Under an early access program, PagerDuty, Inc. is making available a tool that brings generative artificial intelligence (AI) capabilities to its IT service management (ITSM) platform.
Jonathan Rende, senior vice president of products for PagerDuty, said PagerDuty Copilot for the PagerDuty Operations Cloud extends previous investments in machine learning algorithms the company has made as part of an ongoing effort to apply AI to ITSM.
Designed to be invoked via Slack, PagerDuty Copilot makes use of multiple large language models (LLMs) to automate tasks ranging from providing summarization of IT incidents to creating code to automate workflows. PagerDuty plans to transparently swap LLMs in and out of its platforms as AI advances continue to be rapidly made, noted Rende.
PagerDuty Copilot provides a level of abstraction for invoking AI models along with appropriate guardrails that make it simpler to manage IT operations without IT teams needing to have AI expertise, said Rende.
The overall goal is to boost the productivity of IT operations teams by eliminating much of the drudgery and toil that conspires to make working in IT tedious, noted Rende. AI technologies are not likely to replace the need for IT personnel as much as they will enable IT teams to focus on tasks that add more value to the business, he added.
It’s now only a matter of time before generative AI capabilities are pervasively applied across both ITSM and DevOps workflows. Less clear is the impact those capabilities will have on the best practices currently relied on to manage those workflows as more tasks are automated. Ultimately, however, AI should make it easier for more organizations to embrace those best practices as the level of skill and expertise required to manage IT at scale is reduced.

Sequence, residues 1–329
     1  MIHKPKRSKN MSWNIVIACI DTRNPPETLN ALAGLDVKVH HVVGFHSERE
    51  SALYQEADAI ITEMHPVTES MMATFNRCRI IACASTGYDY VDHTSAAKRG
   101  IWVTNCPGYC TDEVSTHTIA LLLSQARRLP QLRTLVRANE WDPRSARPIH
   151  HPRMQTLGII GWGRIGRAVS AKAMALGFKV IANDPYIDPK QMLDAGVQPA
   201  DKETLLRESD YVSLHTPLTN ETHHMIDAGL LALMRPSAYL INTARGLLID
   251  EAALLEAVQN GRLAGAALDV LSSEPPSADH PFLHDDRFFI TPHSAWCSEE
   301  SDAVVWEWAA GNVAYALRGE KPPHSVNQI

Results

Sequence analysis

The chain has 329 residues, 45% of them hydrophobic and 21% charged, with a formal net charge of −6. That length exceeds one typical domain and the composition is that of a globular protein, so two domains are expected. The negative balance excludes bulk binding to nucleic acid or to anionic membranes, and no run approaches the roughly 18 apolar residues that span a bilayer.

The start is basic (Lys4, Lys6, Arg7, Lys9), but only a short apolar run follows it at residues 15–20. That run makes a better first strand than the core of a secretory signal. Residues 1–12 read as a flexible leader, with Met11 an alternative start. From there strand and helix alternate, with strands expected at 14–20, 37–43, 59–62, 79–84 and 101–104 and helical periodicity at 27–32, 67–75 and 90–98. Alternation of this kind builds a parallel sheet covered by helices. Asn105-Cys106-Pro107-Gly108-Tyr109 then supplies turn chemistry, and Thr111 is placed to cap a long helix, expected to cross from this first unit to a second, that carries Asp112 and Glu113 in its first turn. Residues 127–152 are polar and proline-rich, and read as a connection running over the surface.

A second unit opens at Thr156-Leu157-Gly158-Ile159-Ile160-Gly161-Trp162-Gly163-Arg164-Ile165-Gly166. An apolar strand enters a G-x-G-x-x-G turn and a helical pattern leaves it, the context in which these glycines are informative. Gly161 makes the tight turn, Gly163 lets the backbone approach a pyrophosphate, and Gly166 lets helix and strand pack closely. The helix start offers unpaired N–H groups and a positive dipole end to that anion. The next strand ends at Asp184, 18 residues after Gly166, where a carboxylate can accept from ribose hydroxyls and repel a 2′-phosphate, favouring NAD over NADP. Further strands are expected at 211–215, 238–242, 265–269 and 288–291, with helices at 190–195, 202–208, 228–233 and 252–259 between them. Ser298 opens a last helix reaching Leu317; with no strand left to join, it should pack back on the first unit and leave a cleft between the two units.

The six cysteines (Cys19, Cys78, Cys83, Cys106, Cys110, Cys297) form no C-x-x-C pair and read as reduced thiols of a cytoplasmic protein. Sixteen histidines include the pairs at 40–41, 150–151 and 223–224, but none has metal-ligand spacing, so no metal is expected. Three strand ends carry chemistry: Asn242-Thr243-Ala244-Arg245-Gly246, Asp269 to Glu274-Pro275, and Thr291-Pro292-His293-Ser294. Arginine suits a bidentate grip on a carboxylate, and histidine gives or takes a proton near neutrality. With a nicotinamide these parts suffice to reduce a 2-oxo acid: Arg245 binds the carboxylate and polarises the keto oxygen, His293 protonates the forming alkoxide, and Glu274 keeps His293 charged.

In addition, the whole concept of issuing tickets to manage tasks tracked by a central system of record may need to evolve simply because AI has automated requests for service. There will naturally need to be some system of record for tracking requests. Still, ultimately that process will be managed via copilots rather than by a ticket created by an end user that is then tracked via an ITSM platform.
Savvy IT teams, in the meantime, are already moving to determine which tasks and workflows will be automated in anticipation of AI becoming more widely embedded in ITSM and DevOps platforms. Roles and responsibilities within IT teams will inevitably evolve as AI increasingly automates mainly mundane tasks, such as creating reports that many IT professionals would rather not spend time writing.
The biggest IT management platform challenge in the future might not necessarily be adjusting to AI as much as it will be orchestrating requests that are likely to be generated by multiple types of copilots that have been embedded into almost every application.
One way or another, AI is about to transform how IT operations are managed. As disruptive as those advances will be, AI, more importantly, will also enable organizations to manage IT at levels of scale that were previously unimaginable.